Buying a digital camera: when megapixels don’t matter

Thinking about buying a new digital camera? The best advice I can give you is to avoid maxing out megapixels and you’ll get sharper photographs with less grain (noise). This seems counter-intuitive, but is the effect of camera technology running into physical limitations of lenses and light itself.

David Goldstein has written a full-length paper that explains the physics, but here are the key take-aways on megapixels:

  • For a full-frame (35mm) SLR camera, 25 megapixels is about as good as it gets.
  • For a smaller “APS” digital SLR camera, about 20% smaller than 35mm, 10 megapixels is the point of diminishing returns, and 15 megapixels is on the edge (and has noticeably more noise)
  • For a pocket camera where the sensor is about 1/5th the size of 35mm, 4-5 megapixels is the point of diminishing returns, 10 megapixels is pushing it even at very wide apertures, and 12 megapixel or greater pocket cameras will take disappointingly fuzzy pictures at aperture f/2.8 or greater.

Adding megapixels is good until it’s not

Why is this? Fundamentally, camera manufacturers have to balance increasing resolution from more megapixels with two competing forces: noise from the digital camera sensor and softness caused by lens diffraction. You’ve probably seen that photos taken at ISO 1600 on your camera are much more grainy than those taken at ISO 100 — that’s what noise looks like in your pictures. At the same time, the lens aperture (f-stop) puts an upper limit on how much detail can be resolved by the camera. Overall, more megapixels don’t automatically mean better pictures.

Noise is a result of the fundamental physics of light and the way that digital color cameras capture images. Light is made up of photons, with more photons meaning brighter light. The digital camera sensor counts the number of photons that arrive at each pixel to build the overall digital image. In a 21-24 megapixel 35mm digital camera such as the Canon 5D Mark II/III, a properly exposed image at ISO 3200 results in about 20 photons hitting each sensor pixel, assuming a perfect lens. That’s not very many, and it gets worse because of the way digital cameras deal with color. A red, green or blue lens covers each pixel so that only light of that color is detected at each pixel. Dividing 20 by 3, that’s just 6 or 7 photons arriving at each pixel.

Even with a super efficient sensor, this means there’s a lot of noise due to mis-counting of photons.  If we add more pixels to the sensor, the number of photons arriving at each pixel goes down because each pixel has to be smaller, which means more noise. That’s why adding more megapixels makes the photos more grainy, especially in shadow areas.

When it comes to image resolution, adding more megapixels helps the camera resolve more detail – up to a point. Adding more pixels reduces the pixel size on the sensor, which also increases the effects of diffraction, caused by the lens. Diffraction is a fact of life: Isaac Newton discovered that light beams spread into a circle pattern as they pass through an aperture such as the iris of a lens. Diffraction effects make pictures look “soft” and lack sharpness. Diffraction softness becomes more noticeable as sensor pixels get smaller because the diffraction circles spread over more pixels.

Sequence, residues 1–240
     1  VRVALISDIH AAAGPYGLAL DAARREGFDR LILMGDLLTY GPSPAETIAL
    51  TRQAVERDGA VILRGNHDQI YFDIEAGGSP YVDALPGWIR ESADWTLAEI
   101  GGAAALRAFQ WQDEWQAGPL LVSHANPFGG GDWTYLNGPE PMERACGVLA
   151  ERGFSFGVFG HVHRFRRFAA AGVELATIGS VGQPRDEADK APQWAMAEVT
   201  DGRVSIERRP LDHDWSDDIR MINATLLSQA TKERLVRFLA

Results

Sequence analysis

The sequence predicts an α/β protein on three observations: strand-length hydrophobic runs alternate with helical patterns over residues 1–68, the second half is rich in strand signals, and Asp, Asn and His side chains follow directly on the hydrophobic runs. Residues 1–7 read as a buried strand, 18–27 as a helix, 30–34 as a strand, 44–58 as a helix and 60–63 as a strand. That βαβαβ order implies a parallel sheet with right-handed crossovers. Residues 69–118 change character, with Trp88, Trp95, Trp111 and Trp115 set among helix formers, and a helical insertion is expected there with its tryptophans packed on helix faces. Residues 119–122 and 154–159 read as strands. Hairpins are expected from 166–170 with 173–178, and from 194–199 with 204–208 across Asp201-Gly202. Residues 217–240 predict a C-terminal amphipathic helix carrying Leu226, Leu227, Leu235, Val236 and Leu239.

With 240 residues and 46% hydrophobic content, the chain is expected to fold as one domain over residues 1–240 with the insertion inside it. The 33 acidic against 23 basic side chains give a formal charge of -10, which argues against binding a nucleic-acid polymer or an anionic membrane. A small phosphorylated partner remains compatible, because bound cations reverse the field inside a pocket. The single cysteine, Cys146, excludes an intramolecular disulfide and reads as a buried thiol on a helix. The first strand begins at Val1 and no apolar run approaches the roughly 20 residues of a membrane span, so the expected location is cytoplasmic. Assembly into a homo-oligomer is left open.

Too many megapixels can soften your photos

Newton showed that diffraction increases as the aperture gets smaller.  As the f-stop increases and the aperture of the lens gets smaller, diffraction increases. The point where diffraction starts to noticeably affect picture quality is called the diffraction limit. The diffraction limit for a 21-megapixel full-frame (35mm) sensor is f/10. This means that at f/11 or greater, the image will get softer and softer. The limit is f/8 for a 10 megapixel APS-sized sensor, and f/2.8 for a 12 megapixel pocket camera. Most pocket cameras don’t have a lens that offers that wide an aperture!

In other words, while adding megapixels initially increases camera resolution, there comes a point when it leads to noticeably softer pictures (as well as more noise). For example, in this New York Times review of a new, tiny Samsung ST80 14.2 megapixel pocket camera, the reviewer notices that “people and scenery in the background looked murky, and the photos lacked crispness”. Recall that to get a sharp picture on a pocket camera of 12 megapixels, you need f/2.8 or better aperture to avoid softness from diffraction. The ST80 has 14.2 megapixels and a maximum aperture of f/3.3, so pictures are guaranteed to be soft from diffraction – in addition to the extra noise from pixels that are so tiny you can fit 50 million of them in an area the size of your fingernail.

With today’s cameras, don’t obsess over megapixels, and stick to lower pixel counts where possible — especially with pocket cameras, where the limitation in picture quality is more likely to be the lens rather than the sensor.

To find a camera with low megapixel count, use’s Camera Statistics pages. For more than 1600 cameras, DPReview lists the number of megapixels per centimeter squared (cm2) — lower is better. For example, the Canon 1D mark IV has just 3.1 megapixels per cm2 as you might expect for high-end professional gear. The 5D Mark II has just 2.4 megapixels per cm2. The Canon SX210 pocket camera has 50 megapixels per cm2 as it’s a 14.1 megapixel pocket camera with a tiny sensor. Instead, consider the Canon S95 with a pixel density of 23 megapixels per cm2 — a 10 megapixel camera.

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